13th Edition of Artists Spotlight
This week, we are beyond ecstatic to announce a very special issue of Artist Spotlight featuring our favorite passages and moments of past interviews to celebrate our 13th edition!
The Artist Spotlight series aims to create a space for discovery of new, budding global talent, while simultaneously offering you an exclusive glimpse into their creative process.
Our Team has interviewed many incredible, emerging artists and changemakers since its inception and we want to take a moment to reflect and appreciate the knowledge, wisdom, and honesty these creators were generous enough to share with us!
THANK YOU to the featured artists and global advocates who have allowed us these precious glimpses into your creative processes and inspirations every Friday. THANK YOU for trusting us with your personal stories and for allowing us to use them to empower the next generation.
Lastly, THANK YOU to the very people who serve as the very crux of our platform, our wonderful audience! THANK YOU for the endless support and warmth you’ve extended to the artists we’ve introduced you to, as well as to the content we’ve released. We look forward to a bright future of discovering new artists with you.
"Being a woman in the music world can be pretty tough, too, especially as an instrumentalist. I understand that there’s a certain assumption that comes with walking into an audition as a girl with an acoustic guitar. And it’s nobody’s fault for assuming anything. Especially since I sing a lot, it makes sense that people would think I’m a vocalist primarily. But when I’m like, “Hey, I actually play guitar,” and then I start passing you instrumental sheet music, you should believe me. It’s the doubt that drives me crazy. People are like, “really?” as if I’m gonna say not really, and I just carry my guitar around as a fashion accessory.”
“Music can to help change the lives of the people around me. Thereʼs been too many challenges in my life to name. I enjoyed all of them though. In 2016, I moved to Ohio where I only knew one person. I lived out there and the challenge was to survive. I slept in a car for a while or at someone’s house. Friends of mine know I love challenges so I kinda find them daily. The easiest is challenging myself.”
“I like how music can make people aware. It’s a busy world, I feel there are issues all the time that go over our heads; so sometimes it takes where we get our entertainment to remind us of what’s going on around us. For example, Haiti is an area that still needs attention. My family has always done charity work for Haiti and that experience opened my eyes to how one act might not be enough. It takes consistent and frequent effort to make change. I want to bring more attention to the relief efforts down there. The cameras may not roll on them as much; but there’s still a lot to be done down there.”
“My advice for future musicians is to never forget the reason you started making music in the first place. I’ve gone through many periods of time where I lose touch with the 11 year old who fell in love with performing and writing songs and start to resent having the life of a musician, because it can be really damn hard. But the moment I get back up on stage, all of those feelings melt away and I remember that there’s nothing else in the world I would rather be doing.”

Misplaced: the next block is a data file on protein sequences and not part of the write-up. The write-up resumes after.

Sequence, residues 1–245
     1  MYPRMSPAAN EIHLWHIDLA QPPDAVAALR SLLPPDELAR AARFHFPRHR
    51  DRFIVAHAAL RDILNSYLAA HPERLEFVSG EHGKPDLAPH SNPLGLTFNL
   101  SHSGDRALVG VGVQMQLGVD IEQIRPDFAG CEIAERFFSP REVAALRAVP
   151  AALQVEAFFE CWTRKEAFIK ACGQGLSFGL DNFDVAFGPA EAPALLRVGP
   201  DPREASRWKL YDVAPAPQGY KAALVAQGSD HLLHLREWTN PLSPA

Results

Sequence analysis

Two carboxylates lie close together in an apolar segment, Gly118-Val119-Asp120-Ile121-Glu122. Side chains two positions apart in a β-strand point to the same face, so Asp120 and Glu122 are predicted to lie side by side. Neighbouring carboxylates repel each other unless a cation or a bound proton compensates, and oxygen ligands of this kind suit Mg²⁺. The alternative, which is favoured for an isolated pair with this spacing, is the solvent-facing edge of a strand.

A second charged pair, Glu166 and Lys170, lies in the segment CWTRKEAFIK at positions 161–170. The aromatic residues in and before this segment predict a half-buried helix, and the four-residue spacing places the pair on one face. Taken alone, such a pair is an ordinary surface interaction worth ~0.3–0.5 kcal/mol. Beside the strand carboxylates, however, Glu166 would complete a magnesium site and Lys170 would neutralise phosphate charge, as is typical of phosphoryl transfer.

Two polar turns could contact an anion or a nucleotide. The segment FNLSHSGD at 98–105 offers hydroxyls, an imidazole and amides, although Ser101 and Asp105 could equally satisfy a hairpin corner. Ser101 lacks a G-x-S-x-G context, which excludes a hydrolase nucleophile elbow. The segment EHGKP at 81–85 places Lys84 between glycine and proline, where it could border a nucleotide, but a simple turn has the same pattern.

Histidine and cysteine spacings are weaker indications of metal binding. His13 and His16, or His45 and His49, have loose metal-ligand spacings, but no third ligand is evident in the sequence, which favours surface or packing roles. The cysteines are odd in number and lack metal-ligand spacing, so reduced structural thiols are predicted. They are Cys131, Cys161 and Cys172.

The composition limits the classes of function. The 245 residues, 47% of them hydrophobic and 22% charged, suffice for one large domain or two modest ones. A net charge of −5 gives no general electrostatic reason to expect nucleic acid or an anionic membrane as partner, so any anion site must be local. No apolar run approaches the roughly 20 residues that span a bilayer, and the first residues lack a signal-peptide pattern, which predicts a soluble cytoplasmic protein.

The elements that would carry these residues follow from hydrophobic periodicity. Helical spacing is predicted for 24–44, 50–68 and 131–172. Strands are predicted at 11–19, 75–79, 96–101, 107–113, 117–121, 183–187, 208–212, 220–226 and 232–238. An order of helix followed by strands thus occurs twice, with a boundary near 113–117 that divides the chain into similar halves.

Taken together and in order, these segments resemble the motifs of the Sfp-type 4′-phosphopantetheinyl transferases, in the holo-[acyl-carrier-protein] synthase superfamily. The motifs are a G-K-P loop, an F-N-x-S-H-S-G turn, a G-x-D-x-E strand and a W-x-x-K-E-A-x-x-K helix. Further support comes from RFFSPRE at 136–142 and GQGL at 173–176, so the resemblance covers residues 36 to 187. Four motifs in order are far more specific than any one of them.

“Looking back, I think I had been using music as a self-medicating tool for many years, since I struggled with undiagnosed depression and anxiety for so long due to my ignorance of mental illness coinciding with a lack of proper attention and support. Writing and performing music at this time was less of a conscious choice than it was an essential ingredient to my survival, and remains less of an active choice than a calling. There have been an infinite amount of challenges that I have worked to overcome, and continue to work to overcome on a daily basis in pursuit of an artist career and lifestyle. Some have been unveiled and some will be unveiled in due time.”
“My advice to anyone who wants to be a schoolstriker or an activist is to be brave and to always remember that you are never too small to make a difference. You all have a green heart. Don’t lose it. You should always keep going.”
“I identify strongly as a Black Woman and I saw ways in which both of those communities I identify with were not being supported. I asked myself how I could contribute how I could be apart of the solution instead of being unsatisfied with the issue at hand. That began my writing and my journey back to music. I realized I had backed away from music because I felt I didn't fit the narrative that was being told to me. I realized the change I wanted began with me, with the limitations I had set upon myself. So I began to write and have the bravery to tell my story as a Black Woman knowing that it would and could look and sound different and be just as valid and beautiful.”
“I have always been insecure and have fought my own emotional and mental battles concerning my body image. However, I think we all need to become more aware around this topic, educate ourselves and show people that everyone’s unique beauty is valid and our differences and peculiarities are what make us special. I try to represent diversity through my paintings and I honestly hope they help someone in some way. If my illustrations can help just one person in one small way, all the struggles I’ve endured to get here have been worth it.”
‘Acting isn’t like any other job. You make it what it is. As a creative, curious person who deeply values education, the nature of an acting career has been challenging in all aspects. Acting isn't just a sprint, it’s an Ironman Triathlon!’” - Lavon Wageman (Youtube, Twitter)
Thank you for your continuous support and love,
Lots of love,